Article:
Statement of Ashish Shah at the conference on “Strategies of Russian companies after the WTO accession”
Speech by Mr. Ashish Shah, Acting Deputy Executive Director, International Trade Centre
Delivered on 12 November 2013 at the conference on “Strategies of Russian companies after the WTO accession”, World Trade Center Moscow Congress Center, Moscow, Russia
(CHECK AGAINST DELIVERY)
Excellencies, ladies and gentlemen
Thank you for giving me this opportunity to address you today on this very important occasion and at this highly prestigious conference. Let me begin by saying that there is no doubt that, like in all other countries acceding to the WTO, Russia has had to face challenges in adapting to the winds of change. These challenges are concrete and affect the very fabric of Russia’s economy.
I would go as far as to say that every time trade is opened, whether through accession to the WTO, through regional initiatives such as the Eurasian Customs Union or through bilateral initiatives, companies need to adjust.
But although opening of markets bring with them certain challenges in the short-term, we need to bear in mind that the primary reason for opening up markets, and indeed for joining the WTO, is to be able to capitalize on the opportunities that this change brings about. As I heard one expert say: “short term pain for long term gain”.
The question then becomes one of getting ready to tap into these new opportunities and to manage change and build new capacity to adjust to the new economic environment.
Ladies and Gentlemen,
Russia took a great leap of faith by acceding the WTO in 2012. It agreed to gradually open its markets to the world but more importantly, it opened the world to its own companies. The greatest challenge today is to ensure that these Russian companies can be competitive as they are exposed to the forces of the global market.
We at ITC view Russia’s accession to the WTO as a great step forward providing a unique opportunity for enhancing Russia’s economic competitiveness. I say this being fully cognizant of the challenges that remain: including the need to modernize equipment, raise productivity, improve skills, and the urgent need to move up the value chain with a greater focus on more knowledge-intensive industries – in order to put Russian industrial production on a globally competitive footing.
In fact, WTO membership is all about creating a conducive business and regulatory environment for local businesses – both large businesses but also SMEs, which can help foster their international competitiveness.
Russia has made a number of important commitments through its membership in the WTO. These commitments cover a number of areas such as intellectual property rights, soft infrastructure services, (namely telecommunications, financial services and transport among others) and commitments relating to technical regulations, sanitary and photo-sanitary measures. I am aware that structural and regulatory reforms are being put in place to meet these commitments. We are confident that this will contribute to improving the national business and regulatory environment, which will ultimately promote competitiveness of local business and allow them to access international markets.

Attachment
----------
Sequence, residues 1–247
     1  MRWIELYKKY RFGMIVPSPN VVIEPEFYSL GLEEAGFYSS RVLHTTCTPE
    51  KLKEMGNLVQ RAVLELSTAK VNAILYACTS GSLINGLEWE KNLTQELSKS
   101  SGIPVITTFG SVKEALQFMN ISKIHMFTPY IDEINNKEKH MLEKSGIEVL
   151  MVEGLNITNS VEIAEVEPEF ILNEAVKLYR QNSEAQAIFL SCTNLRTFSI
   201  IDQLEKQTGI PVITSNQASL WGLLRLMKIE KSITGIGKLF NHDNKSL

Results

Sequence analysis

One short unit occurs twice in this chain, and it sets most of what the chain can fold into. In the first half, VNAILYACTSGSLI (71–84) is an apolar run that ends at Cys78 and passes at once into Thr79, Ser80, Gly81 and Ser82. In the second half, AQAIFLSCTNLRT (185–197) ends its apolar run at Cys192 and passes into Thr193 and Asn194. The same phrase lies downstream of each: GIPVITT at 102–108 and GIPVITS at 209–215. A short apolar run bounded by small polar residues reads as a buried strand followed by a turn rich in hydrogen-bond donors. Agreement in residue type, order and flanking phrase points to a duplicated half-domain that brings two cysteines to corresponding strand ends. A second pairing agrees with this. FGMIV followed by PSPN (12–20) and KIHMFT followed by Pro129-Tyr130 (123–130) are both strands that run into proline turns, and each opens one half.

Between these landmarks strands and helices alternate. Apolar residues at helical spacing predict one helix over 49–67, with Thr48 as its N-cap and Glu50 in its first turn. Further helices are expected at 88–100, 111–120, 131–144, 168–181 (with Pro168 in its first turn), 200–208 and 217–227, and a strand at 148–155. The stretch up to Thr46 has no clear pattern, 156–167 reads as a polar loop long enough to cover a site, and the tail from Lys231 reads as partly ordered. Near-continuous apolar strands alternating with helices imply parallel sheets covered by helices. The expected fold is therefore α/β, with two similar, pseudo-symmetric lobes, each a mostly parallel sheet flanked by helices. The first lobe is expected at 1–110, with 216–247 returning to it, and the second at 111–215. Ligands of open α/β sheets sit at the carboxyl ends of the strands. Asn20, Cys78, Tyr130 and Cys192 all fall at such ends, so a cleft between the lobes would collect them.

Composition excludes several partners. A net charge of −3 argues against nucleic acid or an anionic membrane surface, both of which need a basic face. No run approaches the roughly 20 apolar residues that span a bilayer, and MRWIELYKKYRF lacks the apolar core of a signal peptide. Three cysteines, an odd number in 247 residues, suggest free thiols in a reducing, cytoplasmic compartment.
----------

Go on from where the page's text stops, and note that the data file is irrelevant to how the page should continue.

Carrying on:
Ladies and Gentlemen,
We find ourselves in a challenging situation today. On the one hand, we see that Russia is putting in place a range of necessary reforms to catalyze economic growth following its accession to the WTO. On the other hand we are faced with the challenge of a gloomy forecast for global economic growth. Current forecasts for 2013 are not very encouraging: 0% for Europe, 1.6% for the United States and 1.6% for Russia. It is evident that the global economy is still struggling to recover from the aftermath of the global financial crisis and turbulences in the Eurozone area.
We all know Russia is blessed and well endowed with inputs. You have abundant natural resources and you have a very well educated population. We believe that a conducive business environment will go a long way in unlocking entrepreneurship spirit and promoting private investments which are so essential to spur economic growth.
In addition, growth depends on technological advancements which to a large extent depends on the ability to innovate. Russia has a tradition of high level technology-driven innovation and this provides an excellent platform for future growth.
Our experience from other countries suggests that it is incremental innovation that drives long-term and sustainable growth. Incremental innovation is driven primarily by small and medium sized enterprises. According to the Ministry of Economic Development, there are around 1.7 million SMEs in Russia, including micro-enterprises, contributing to 21% of Russia’s GDP (as compared to up to 60% in Europe or China). It is therefore indispensable that efforts be undertaken to grow the SME sector as there is a huge untapped source of potential growth and jobs in this sector.
There is a need to create a conducive business environment which will help foster growth and investments in the SME sector. Investments in developing strong SMEs can help build competitive industries, promote incremental innovation, create jobs and incomes. ITC works in many countries around the world in doing exactly that: help build competitiveness of SMEs and help them integrate into national, regional and global value chains.
Ladies and Gentlemen,